• Category: News
  • Date: Jun 09, 2022
  • Written from: London, UK
  • Keywords:

Hard work is sacred?


Most dialogue around 'hard work' lacks texture. "Find more balance!", "You are not your work!", "Take breaks!". It reads like a billboard, catching my eye, making me nod, but doing nothing to chip away at the complexity of why translating those prompts into action is often difficult.

That was until I read Seren's letter. She speaks to how the reality of 'hard work' is often a hell of your own making, despite it feeling like a matter you have no say in, because you feel pulled, compelled, by something outside of you, or something deep within you. She speaks to how you have no desire to glorify it, because it's extremely unglorious, and you know this, you do, but still you feel protective over it, because it's a private act. It's wildly different to internet #hustle for this very reason - it's sacred, for your eyes only, constantly downplayed to friends and family who implore you to take a break. She speaks to how this feels, in real-time, with no productive soundbites in sight, and she does so, beautifully.


It was 8:47am on Friday April 22nd when I received a voice note from Roxy, a friend I love dearly but don’t manage to see often enough. The voice note was 90 seconds long, she’s checking in as it’s been a while, and she’s right, we last caught up in early December. “You appeared in two of my dreams recently” she began, “and you seemed to be really sad” she continued.
It was 7:30pm by the time I emerged from the hellish haze of a 12-hour work day, made more unforgiving by the ever-regular, but never-welcome descent of hormones, cramps, and general discomfort. I filled her in on the last few months starting with the truth - over-working, a surprise hen-do I threw, a new gym membership - and ending with the Truth:
“All I do is work - is this it?”
I’m well acquainted with this thought - it’s arrival is predictable, recurring, sometimes erupting out of me through tears, other times a quiet, calm, and rational observation.
I work a lot. The day job takes up 4 long days, the founder job 1.5 longer days, leaving a very humble, very short, 0.5 days to squeeze in workouts, seeing my friends and family, and having some semblance of a dating life.
…is that it?


I whisper when I write this, but I wish I didn’t fall in love with the grind. I talk not of rags-to-riches tropes or whatever is posted on that instagram account Female Hustlers, but rather, the much more dystopian space of never knowing boredom, of filling every moment. Of life being so full that you can no longer keep a grasp on it, no longer keep a lid on it, and things start to slip, to escape. And then you start to slip, to escape, to become foggy in the mind, to burn out.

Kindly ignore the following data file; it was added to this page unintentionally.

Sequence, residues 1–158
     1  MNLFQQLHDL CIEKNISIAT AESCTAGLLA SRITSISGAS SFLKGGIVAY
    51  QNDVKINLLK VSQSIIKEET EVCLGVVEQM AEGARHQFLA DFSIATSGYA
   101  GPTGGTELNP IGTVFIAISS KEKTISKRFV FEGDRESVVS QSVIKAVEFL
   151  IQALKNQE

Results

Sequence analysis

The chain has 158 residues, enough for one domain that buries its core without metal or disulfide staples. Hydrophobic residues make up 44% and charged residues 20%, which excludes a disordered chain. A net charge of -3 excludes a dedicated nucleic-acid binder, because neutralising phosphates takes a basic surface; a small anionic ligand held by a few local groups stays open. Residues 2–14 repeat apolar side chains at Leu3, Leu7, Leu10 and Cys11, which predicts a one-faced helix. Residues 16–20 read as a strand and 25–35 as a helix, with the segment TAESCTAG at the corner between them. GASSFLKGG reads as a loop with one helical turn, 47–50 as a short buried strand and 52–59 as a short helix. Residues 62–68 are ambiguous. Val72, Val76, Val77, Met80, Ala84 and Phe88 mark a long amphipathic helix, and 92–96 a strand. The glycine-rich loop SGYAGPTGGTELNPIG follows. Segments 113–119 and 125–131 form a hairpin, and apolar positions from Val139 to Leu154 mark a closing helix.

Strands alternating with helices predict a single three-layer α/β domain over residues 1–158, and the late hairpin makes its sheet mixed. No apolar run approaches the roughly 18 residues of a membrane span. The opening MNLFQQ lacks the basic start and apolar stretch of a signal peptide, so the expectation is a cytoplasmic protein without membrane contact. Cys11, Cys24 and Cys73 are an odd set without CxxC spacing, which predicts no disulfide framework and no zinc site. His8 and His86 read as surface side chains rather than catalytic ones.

I’ve always been impressionable - it’s a blessing and a curse - and the paradigm of ‘putting in work’ is well and truly impressed on my psyche.

I long to relax my face and unclench my jaw without being told to do so. To have the spirit of Thanos, after he’s disintegrated half of the world’s population in Avengers: Endgame - Ease. I’d like to just be. I do, I long for it.

And then my Gmail starts pinging.

And so, I reacquaint with my dystopia for a little while longer.


I asked Seren for some outfits - as Kind Regards is about clothes and conversations. She sent me these 3 images, stating "she has nothing else to offer". My response was "Erm, perfect." 1 - Deep in work on a Sunday in Spring 2022.  2 - Out for a book club social. 3 - Working on NYE 2020.


It’s a place that I keep from my socials because it’s not admirable or sexy. A place that I falsely reassure my parents is becoming more hospitable (although I’m definitely not a guest), more manageable. A place that very few people close to me really, wholeheartedly understand and experience.

It’s thick, it’s gloopy, it’s mundane, it’s endless, and in spite of all of the adjectives that I seek to try and describe it, it just is. It’s a hell of my own making. It’s a hell of your own making. A perpetual highway, where every now and then, we come across an exit sign that we acknowledge, in our peripheral, fantasise about for a moment, and assure ourselves that we’ll take it when it shows up next time.

For now, however, I just hang on. Hang in. Get through to the end of the week, the month, the year. Every time the exit sign reappears, and it always does, it feels like sink or swim. Burnout or take a bloody break. And somehow, for some reason, the extremes evade me and I somehow manage to keep treading water. It’s a little terrifying.

As I write this letter it’s coming up to 10pm on a glorious Friday night. I know I should be sipping wine on a rooftop somewhere in East, celebrating my last month being 27, but I rest my case.

And having said all of this, I’m reminded that this place I have reluctantly and lovingly created belongs to me.

It is mine.

Maybe one day I'll be able to articulate my thoughts and better understand why I can’t take the turning or reach for the lifeline. But for now, I’ll continue being the only me that I know, in a space that I have made my own.

It is what it is.



Kind regards,

Seren Tanaka Lloyd Jones